Buffy: What do you do to make sure all staff are prepared to respond to an event, and what efforts do you make in the off-season to prepare for upcoming storms?
Alicia: Prior to a storm, our team continues to educate employees and provide links to local and federal agencies that have up-to-date guidance on personal preparedness. We are constantly reminding employees, especially those living in Houston, to be prepared to work remotely for an undetermined amount of time and to know their contingency plans. We rely heavily on our communications partner to relay these messages to all staff. Our annual training program follows regulatory guidance to prepare staff not only for business continuity but also for at-home safety and remote working. Also provided are internal employee preparedness websites that can be accessed at any time. As climate change has affected extreme weather, we don’t feel there is an off-season.
Buffy: What tools do you use for your response plan and team for continuity and communication for weather events?
Scott: The foundational tool we use is our partnership with StormGeo, who have the GPS coordinates of all our locations. With this information they provide exacting data related to our business continuity plan. When we were preparing for Hurricane Michael, StormGeo indicated that one of our hospitals would only experience wind speeds of a Category One storm, not the Category Five winds we were expecting. This meant that the facility would not have to be evacuated. Having that kind of tailored, accurate information is key to our response plans.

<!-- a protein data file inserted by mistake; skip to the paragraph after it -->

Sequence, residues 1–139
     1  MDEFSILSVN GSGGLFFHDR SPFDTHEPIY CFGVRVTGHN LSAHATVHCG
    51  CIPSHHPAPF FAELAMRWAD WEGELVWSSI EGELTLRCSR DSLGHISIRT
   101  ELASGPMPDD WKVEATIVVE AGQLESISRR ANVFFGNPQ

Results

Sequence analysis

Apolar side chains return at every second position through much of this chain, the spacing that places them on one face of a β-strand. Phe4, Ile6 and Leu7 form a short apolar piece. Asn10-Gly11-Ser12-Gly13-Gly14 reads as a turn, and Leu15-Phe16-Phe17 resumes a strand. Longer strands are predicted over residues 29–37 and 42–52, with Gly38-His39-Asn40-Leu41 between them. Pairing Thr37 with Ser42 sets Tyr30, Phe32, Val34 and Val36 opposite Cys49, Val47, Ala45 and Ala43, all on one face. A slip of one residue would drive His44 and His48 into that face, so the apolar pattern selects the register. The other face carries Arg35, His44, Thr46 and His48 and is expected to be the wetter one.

Alicia: We use various risk intelligence monitoring tools, such as our partnership with StormGeo. By leveraging their web platform and calling into their meteorological desk, we get a deeper look at every storm. We also leverage Everbridge as an alert notification tool to communicate with our employees; NC4, a risk intelligence tool that pinpoints information for adverse weather events; social media platforms; and ‘boots on the ground’ partners to give us people at the event site reporting information. These tools help us assess and disseminate information and thus respond to severe weather events quickly.